A distinct down-regulation in the expression of ribulose1,5-bisphosphate carboxylase/oxygenase at 6 hpi, followed by an increase in expression that reaches maximum expression at 24 hpi, was observed in the microarray dataset (Rubisco small and large subunits; for example KLLFIII3-G09 and KSLRII2-F01) (Table 1). Rubisco, the most abundant protein in leaves, is the main source of energy production in plant cells. A decrease in photosynthesis was previously shown in Arabidopsis leaves as early as 3 h after challenge with the P. syringae avirulent strain, while after 48 h the rate of photosynthesis was lower with the virulent strain [51]. Most of the photosynthetic machinery in challenged kumquat leaves was repressed at 6 hpi, including chlorophyll A/B binding protein (KLLFIII3-A06 and KLLFIII3-E08). Three photosynthesis-related genes were differentially down-regulated during the first 24 hours. In Pto-mediated resistance, 30 photosynthesis-related genes and 12 genes encoding chloroplast-associated proteins were suppressed [52]. These results show that plants reduce photosynthetic potential to induce HR following pathogen attack. Further, Quirino et al. [53] suggested that HR and senescence are two programs that involve biochemical similarities as well as an overlap. The research reinforced the idea of a connection between defence response and senescence. Evidently, the down-regulation of genes involved in photosynthesis during the Xcc/kumquat interaction represents a cost for the plant fitness where energy resources were redirected to defence response.

Cell wall remodelling

Xcc inoculation of kumquat was followed by the down-regulation of various genes related to cell wall remodeling and rapid expansion such as endoglucanases. The expression level of a kumquat homologue of this wall loosening protein (KLLFI2-C10) was insignificant. On the other hand, genes related to cell wall reorganization, for example xyloglucan endotransglycosylase/hydrolase (XET,-- an enzyme involved in cell wall elongation and restructuring), were significantly up-regulated by 24 hpi (KSLFIII1-H08). In 'Pera' sweet orange, a major difference in the response to inoculation of the two bacterial strains was that Xcc strongly upregulated several cell wall remodelling enzymes, while Xaa upregulated genes related to endoglucanase inhitors and lignin biosynthesis. A phenomenon that we observed in kumquat plants is the development of a few minute necrotic flecks on the leaves when inoculated with low concentrations of the bacterium (Xcc). Neither leaf abscission nor water soaked lesions were observed on the leaves later under our conditions. It is also worth mentioning that although Cernadas et al. used a relatively high concentration of Xaa (OD600 nm = 0.6, ~double what we used for Xcc with kumquat) only pustles were recorded in sweet orange inoculated with Xaa that were not followed by necrosis [24]. Using light microscopy, we have previously shown mesophyl collapse in kumquat leaves which was followed by leaf abscission 72 hrs post inoculation with Xcc. Alternatively, grapefruit mesophyl cells from inoculated leaves showed enlargement (hypertrophy) and division (hyperplasia) followed by raised circular lesions that became raised and developed into white or yellow spongy pustules. These pustules then darkened and thickened into brown corky canker lesions [24]. Pustule formation and hypertrophy were linked previously to the PthA effector in Nicotiana benthamiana [35]. Alternatively, accumulation of the tomato XTH (xyloglucan endotransglucosylase/hydrolase LeXTH1) protein 6 hours after attachment of the parasite has provided evidence for a role of XTH in defence reactions associated with the incompatible tomato-Cuscuta interaction as was presented in Albert et al. [54].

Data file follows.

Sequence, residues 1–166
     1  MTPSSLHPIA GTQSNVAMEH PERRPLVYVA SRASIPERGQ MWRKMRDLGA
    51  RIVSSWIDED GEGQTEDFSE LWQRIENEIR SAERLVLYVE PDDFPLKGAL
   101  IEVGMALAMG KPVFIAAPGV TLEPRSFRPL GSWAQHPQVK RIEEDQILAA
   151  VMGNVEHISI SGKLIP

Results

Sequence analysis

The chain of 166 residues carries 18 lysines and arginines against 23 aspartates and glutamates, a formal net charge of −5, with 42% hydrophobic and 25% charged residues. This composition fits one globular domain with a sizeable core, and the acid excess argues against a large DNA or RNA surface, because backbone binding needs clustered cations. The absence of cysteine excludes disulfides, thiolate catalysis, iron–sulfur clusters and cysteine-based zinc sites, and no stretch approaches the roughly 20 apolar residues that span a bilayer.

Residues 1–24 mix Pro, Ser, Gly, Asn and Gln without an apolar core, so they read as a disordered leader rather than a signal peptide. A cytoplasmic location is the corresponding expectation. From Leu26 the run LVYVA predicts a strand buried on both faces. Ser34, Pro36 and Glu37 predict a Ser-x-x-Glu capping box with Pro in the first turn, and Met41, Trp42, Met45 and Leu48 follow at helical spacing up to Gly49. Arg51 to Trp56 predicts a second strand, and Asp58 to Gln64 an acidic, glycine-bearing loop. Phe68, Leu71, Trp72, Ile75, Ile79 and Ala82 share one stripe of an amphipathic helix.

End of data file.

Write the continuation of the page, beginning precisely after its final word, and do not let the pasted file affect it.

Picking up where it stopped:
Resistance genes and related proteins